Benedict Olgado, University of California, Irvine; Lucy Pei, University of California, Irvine; Roderic Crooks, University of California, Irvine;
As data-intensive technologies and data-driven policies become increasingly ubiquitous, community organizers, activists, unions, and human rights defenders are frequently rebuffed with the claim that there is a lack of data that prevents state and other actors from addressing issues of social and environmental justice. Ruha Benjamin has identified this as the 'datafication of injustice...in which the hunt for more and more data is a barrier to acting on what we already know.' At the same time, many of these actors also seek to utilize the political and rhetorical power of data. Those seeking to both use the potential of data to further their causes while also fighting against the epistemological harms of the datafication of injustice (and other harms of datafication, such as surveillance) face a double bind: they risk reifying the false paucity of data and the supremacy of datafied ways of knowing when engaging with data, yet risk losing much-needed resources if they reject the powerful rhetoric of data.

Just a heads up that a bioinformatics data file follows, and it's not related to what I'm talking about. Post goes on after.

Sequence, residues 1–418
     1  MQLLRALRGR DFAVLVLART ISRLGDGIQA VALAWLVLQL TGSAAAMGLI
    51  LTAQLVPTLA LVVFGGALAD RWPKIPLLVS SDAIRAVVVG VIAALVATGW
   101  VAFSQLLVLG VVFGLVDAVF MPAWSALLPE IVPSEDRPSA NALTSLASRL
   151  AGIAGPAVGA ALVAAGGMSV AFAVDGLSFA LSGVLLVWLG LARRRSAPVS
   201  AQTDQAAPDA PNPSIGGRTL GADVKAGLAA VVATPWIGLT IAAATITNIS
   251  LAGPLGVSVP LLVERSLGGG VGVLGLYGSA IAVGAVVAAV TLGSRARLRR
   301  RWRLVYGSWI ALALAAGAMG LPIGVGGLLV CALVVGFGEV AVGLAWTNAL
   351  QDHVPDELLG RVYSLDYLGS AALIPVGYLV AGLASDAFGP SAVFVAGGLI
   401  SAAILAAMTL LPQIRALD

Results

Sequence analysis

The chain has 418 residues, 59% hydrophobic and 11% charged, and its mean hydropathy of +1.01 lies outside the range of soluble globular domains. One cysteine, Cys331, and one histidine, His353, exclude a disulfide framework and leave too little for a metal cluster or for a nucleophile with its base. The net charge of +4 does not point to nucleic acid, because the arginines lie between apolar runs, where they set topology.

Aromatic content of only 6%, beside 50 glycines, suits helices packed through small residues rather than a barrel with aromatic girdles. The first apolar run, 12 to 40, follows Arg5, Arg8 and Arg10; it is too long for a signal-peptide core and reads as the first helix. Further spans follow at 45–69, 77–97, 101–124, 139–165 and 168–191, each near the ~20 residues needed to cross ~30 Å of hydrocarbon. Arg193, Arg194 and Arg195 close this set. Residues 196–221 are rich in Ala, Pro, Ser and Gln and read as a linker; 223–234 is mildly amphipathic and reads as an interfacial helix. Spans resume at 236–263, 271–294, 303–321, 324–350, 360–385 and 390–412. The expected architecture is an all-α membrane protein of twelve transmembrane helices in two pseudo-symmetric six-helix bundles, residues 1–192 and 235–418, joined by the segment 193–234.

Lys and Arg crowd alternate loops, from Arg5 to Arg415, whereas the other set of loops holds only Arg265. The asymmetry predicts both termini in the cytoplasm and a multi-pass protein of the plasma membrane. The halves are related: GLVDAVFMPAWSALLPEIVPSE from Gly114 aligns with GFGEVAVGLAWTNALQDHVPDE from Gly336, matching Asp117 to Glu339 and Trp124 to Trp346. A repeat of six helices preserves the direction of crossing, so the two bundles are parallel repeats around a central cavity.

We seek to be in conversation with contributions from activists, academics, and artists that illustrate, examine, broaden, and/or question the data practices of collective actions given this double bind. From organizers fighting against police violence to activists championing environmental justice, union workers building power to human rights defenders going against authoritarian regimes, this panel aims to highlight the persistent paradoxes and costs of organizing and collective action in a datafied world.